8. Item, no one shall carry arms out of England except by the command of the lord king: no one is to sell arms to another to carry out of England; nor shall a merchant or any other man carry them out of England.

9. Item, the justices shall have [a report] sworn by lawful knights, or by other free and lawful men of the hundreds and neighbourhoods and boroughs — as many as they see fit to employ — as to what persons possess chattels to the amount that they should have a shirt of mail, a helmet, a lance, and a shield according to what has been provided; so that they shall separately name for those [justices] all men of their hundreds and neighbourhoods and boroughs who are worth 16m. in either chattels or rents, and likewise those who are worth 10m. And then the justices shall have written down [the names of] all those jurors and other men, [recording] how much in chattels or rents they [each] have and what arms, according to the value of the chattels or rents, they should [each] have. Then, in their presence and in a common assembly of those men, they shall have read this assize regarding the possession of arms, and they shall have those men swear to have arms according to the value of the aforesaid chattels or rents, and to keep them for the service of the lord king according to this aforesaid assize, under the command of and in fealty to the lord king Henry and his kingdom. If, moreover, it should happen that any one of them, who ought to have these arms, is not in the county during the period when the justices are in that county, the justices shall set a time for him [to appear] before them in another county. And if he does not come to them in any county through which they are to go, and is not in that land [at all], they shall set him a time at Westminster toward the octave of St. Michael; so that, as he loves his life and all that he has, he shall be there for swearing his oath. And they shall command him, before the aforesaid feast of St. Hilary, to have arms according to the obligation resting on him.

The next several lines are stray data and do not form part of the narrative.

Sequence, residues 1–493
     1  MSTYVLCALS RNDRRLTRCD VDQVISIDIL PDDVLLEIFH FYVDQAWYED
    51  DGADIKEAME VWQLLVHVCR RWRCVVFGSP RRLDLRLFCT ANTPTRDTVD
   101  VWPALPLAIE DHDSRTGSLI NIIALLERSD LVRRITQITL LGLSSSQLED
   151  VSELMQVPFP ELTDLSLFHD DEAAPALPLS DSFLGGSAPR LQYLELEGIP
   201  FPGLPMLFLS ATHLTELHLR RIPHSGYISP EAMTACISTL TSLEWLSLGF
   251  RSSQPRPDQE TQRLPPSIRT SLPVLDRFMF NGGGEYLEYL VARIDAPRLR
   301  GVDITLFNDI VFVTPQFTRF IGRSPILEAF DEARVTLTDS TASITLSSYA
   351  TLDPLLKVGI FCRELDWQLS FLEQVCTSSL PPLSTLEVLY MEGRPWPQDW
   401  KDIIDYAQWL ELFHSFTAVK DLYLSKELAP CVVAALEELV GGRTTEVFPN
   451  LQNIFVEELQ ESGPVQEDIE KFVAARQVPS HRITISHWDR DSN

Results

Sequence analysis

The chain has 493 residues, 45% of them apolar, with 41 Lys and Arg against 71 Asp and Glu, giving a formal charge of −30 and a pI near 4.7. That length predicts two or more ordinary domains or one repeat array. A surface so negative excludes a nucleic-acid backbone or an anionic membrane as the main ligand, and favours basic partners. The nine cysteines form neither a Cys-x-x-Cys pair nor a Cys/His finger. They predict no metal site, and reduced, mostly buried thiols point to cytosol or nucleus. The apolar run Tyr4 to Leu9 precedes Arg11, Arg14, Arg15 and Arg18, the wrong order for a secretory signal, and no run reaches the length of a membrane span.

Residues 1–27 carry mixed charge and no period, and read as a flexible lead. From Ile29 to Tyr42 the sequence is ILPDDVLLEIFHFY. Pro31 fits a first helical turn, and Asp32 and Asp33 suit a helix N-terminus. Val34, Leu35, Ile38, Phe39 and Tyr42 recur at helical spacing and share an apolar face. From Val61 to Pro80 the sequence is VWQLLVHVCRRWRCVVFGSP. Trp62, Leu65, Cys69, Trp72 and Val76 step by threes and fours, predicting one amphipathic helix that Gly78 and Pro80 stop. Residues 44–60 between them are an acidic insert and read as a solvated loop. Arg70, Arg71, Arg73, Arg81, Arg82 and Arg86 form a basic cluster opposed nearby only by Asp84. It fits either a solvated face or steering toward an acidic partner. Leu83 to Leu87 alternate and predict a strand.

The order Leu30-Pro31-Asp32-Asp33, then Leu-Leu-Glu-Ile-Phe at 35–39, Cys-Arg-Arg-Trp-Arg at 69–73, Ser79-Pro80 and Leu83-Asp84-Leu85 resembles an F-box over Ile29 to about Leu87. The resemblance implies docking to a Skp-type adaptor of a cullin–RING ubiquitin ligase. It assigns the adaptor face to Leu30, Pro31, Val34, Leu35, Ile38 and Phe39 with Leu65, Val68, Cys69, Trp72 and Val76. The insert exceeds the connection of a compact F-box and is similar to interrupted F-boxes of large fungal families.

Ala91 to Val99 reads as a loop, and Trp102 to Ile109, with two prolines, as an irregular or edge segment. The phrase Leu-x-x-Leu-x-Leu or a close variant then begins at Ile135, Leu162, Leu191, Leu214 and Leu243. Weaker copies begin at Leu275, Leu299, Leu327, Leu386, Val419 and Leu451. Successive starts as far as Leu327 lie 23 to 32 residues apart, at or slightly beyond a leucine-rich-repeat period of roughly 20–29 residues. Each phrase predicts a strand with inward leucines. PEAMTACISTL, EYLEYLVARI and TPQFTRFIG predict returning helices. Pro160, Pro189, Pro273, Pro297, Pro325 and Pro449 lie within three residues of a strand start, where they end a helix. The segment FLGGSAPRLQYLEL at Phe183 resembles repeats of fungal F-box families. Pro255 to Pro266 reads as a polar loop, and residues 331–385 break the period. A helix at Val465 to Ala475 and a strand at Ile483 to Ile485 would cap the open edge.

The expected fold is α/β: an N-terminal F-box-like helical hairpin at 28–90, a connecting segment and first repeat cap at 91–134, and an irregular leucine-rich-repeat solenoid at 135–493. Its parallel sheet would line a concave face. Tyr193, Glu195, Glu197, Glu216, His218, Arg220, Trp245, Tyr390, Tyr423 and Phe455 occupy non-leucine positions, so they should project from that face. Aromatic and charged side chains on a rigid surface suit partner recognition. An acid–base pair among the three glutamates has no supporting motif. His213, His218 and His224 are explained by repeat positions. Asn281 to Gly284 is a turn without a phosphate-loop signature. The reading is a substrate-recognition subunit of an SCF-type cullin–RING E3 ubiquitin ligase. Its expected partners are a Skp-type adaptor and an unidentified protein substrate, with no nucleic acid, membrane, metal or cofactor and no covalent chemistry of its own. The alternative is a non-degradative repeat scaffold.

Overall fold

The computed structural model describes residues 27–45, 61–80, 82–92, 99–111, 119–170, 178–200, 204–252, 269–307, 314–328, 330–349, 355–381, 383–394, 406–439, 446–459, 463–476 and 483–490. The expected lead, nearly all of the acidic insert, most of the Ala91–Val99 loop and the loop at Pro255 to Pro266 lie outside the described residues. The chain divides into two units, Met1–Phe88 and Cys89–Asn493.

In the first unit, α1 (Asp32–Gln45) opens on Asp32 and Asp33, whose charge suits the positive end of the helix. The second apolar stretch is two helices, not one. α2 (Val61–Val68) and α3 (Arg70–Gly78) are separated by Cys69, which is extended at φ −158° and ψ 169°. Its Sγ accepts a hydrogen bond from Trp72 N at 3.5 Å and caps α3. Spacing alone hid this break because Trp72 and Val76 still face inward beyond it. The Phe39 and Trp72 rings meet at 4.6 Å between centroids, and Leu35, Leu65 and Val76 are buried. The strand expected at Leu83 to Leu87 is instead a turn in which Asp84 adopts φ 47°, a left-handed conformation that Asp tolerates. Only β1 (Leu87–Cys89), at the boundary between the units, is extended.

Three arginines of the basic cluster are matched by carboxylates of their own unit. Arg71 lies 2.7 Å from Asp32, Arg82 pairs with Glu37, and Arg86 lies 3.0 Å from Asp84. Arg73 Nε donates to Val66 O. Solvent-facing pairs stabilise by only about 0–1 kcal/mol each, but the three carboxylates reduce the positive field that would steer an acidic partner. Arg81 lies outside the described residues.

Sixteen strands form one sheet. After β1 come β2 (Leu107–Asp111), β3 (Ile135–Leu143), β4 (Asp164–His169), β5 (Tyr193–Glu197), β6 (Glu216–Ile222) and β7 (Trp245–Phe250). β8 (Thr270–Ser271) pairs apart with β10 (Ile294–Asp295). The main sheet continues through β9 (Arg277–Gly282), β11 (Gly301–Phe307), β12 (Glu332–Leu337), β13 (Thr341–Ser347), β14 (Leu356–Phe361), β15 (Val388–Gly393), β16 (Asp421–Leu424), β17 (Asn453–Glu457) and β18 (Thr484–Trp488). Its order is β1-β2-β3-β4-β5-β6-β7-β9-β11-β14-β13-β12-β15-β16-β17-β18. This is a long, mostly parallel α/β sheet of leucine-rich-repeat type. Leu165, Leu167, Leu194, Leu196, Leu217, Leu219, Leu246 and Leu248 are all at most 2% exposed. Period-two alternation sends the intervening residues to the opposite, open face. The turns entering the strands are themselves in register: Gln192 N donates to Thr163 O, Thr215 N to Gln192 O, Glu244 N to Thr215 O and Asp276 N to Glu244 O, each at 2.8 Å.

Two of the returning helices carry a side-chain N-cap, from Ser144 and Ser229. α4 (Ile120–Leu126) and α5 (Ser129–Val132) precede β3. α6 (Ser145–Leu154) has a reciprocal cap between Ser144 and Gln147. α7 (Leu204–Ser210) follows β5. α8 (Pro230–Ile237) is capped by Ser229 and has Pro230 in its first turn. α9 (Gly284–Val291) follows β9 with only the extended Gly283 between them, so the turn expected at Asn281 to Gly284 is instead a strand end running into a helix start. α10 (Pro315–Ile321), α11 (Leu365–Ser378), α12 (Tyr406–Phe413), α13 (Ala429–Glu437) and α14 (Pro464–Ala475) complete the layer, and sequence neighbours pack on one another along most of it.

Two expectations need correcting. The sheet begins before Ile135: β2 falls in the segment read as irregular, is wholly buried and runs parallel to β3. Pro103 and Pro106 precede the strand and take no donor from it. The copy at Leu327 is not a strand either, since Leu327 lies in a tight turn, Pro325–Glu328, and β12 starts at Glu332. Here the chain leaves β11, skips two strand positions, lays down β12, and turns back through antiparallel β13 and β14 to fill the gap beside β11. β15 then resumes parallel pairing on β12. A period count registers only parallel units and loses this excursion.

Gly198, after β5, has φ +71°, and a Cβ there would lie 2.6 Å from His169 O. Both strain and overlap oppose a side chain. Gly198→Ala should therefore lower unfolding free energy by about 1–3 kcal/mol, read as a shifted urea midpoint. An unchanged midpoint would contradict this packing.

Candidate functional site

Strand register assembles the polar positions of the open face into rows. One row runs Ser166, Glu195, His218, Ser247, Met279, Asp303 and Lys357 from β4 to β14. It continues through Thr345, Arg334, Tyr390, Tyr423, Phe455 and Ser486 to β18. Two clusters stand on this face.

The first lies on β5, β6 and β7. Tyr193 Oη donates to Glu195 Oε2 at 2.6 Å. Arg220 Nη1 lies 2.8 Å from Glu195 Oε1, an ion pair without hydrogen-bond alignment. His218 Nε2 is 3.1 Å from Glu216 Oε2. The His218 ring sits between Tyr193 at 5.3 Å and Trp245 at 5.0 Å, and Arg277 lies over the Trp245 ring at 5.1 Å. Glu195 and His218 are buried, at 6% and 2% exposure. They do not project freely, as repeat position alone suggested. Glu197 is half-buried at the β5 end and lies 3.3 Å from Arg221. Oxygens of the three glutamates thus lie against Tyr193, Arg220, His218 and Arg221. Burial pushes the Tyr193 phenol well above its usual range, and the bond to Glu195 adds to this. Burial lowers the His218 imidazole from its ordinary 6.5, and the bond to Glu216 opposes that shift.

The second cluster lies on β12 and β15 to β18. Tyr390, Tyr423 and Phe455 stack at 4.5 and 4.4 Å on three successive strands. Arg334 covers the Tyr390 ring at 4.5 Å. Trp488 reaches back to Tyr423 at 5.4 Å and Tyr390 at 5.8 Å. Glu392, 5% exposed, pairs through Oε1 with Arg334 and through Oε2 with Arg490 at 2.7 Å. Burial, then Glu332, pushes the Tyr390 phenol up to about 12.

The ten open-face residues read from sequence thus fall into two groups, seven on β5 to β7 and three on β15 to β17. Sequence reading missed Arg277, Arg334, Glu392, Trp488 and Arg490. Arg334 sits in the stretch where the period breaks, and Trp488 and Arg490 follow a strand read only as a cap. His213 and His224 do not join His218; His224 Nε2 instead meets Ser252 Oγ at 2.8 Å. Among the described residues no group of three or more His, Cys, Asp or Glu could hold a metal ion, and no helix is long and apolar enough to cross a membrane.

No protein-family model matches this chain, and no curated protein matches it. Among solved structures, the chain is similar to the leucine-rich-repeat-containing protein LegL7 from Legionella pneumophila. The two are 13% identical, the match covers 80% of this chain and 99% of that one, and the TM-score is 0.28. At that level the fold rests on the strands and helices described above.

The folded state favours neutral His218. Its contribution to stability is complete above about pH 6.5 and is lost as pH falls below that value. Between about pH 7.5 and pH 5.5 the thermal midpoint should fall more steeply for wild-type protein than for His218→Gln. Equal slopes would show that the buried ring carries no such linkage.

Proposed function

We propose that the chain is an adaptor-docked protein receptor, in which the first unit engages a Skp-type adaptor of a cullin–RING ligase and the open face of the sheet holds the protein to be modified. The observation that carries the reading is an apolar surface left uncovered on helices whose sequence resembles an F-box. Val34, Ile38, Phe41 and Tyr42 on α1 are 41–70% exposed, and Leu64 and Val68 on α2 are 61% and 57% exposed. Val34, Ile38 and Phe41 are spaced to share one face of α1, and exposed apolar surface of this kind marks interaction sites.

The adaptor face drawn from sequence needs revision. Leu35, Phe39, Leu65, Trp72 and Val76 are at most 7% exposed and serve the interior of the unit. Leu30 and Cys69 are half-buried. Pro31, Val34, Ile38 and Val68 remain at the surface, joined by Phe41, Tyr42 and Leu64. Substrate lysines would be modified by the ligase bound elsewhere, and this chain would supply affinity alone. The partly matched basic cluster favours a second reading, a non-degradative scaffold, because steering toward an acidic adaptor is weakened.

10. Item, the justices shall have proclamation made in the counties through which they are to go that, with respect to those who do not have such arms as have been specified above, the lord king will take vengeance, not merely on their lands or chattels, but on their limbs.

11. Item, no one who does not possess 16m. or 10m. in chattels is to swear concerning free and lawful men.

12. Item, the justices shall command through all the counties that no one, as he loves his life and all that he has, shall buy or sell any ship to be taken away from England, and that no one shall carry any timber or cause it to be carried out of England. And the lord king commands that no one shall be received for the oath concerning arms unless he is a freeman.

You made a bad decision with this proclamation grandpa.  A very bad decision.

Copyright (c) Lee Drew 2013-05-15 07:00:00
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Family history research is a favored avenue of relaxation. It is a Sherlock-like activity that can continue almost anywhere at any time. By leveraging a lifetime involvement in technology, my research efforts have resulted in terabytes of ancestral data, earning me the moniker of Lineagekeeper. And yes - We are all related to Royalty.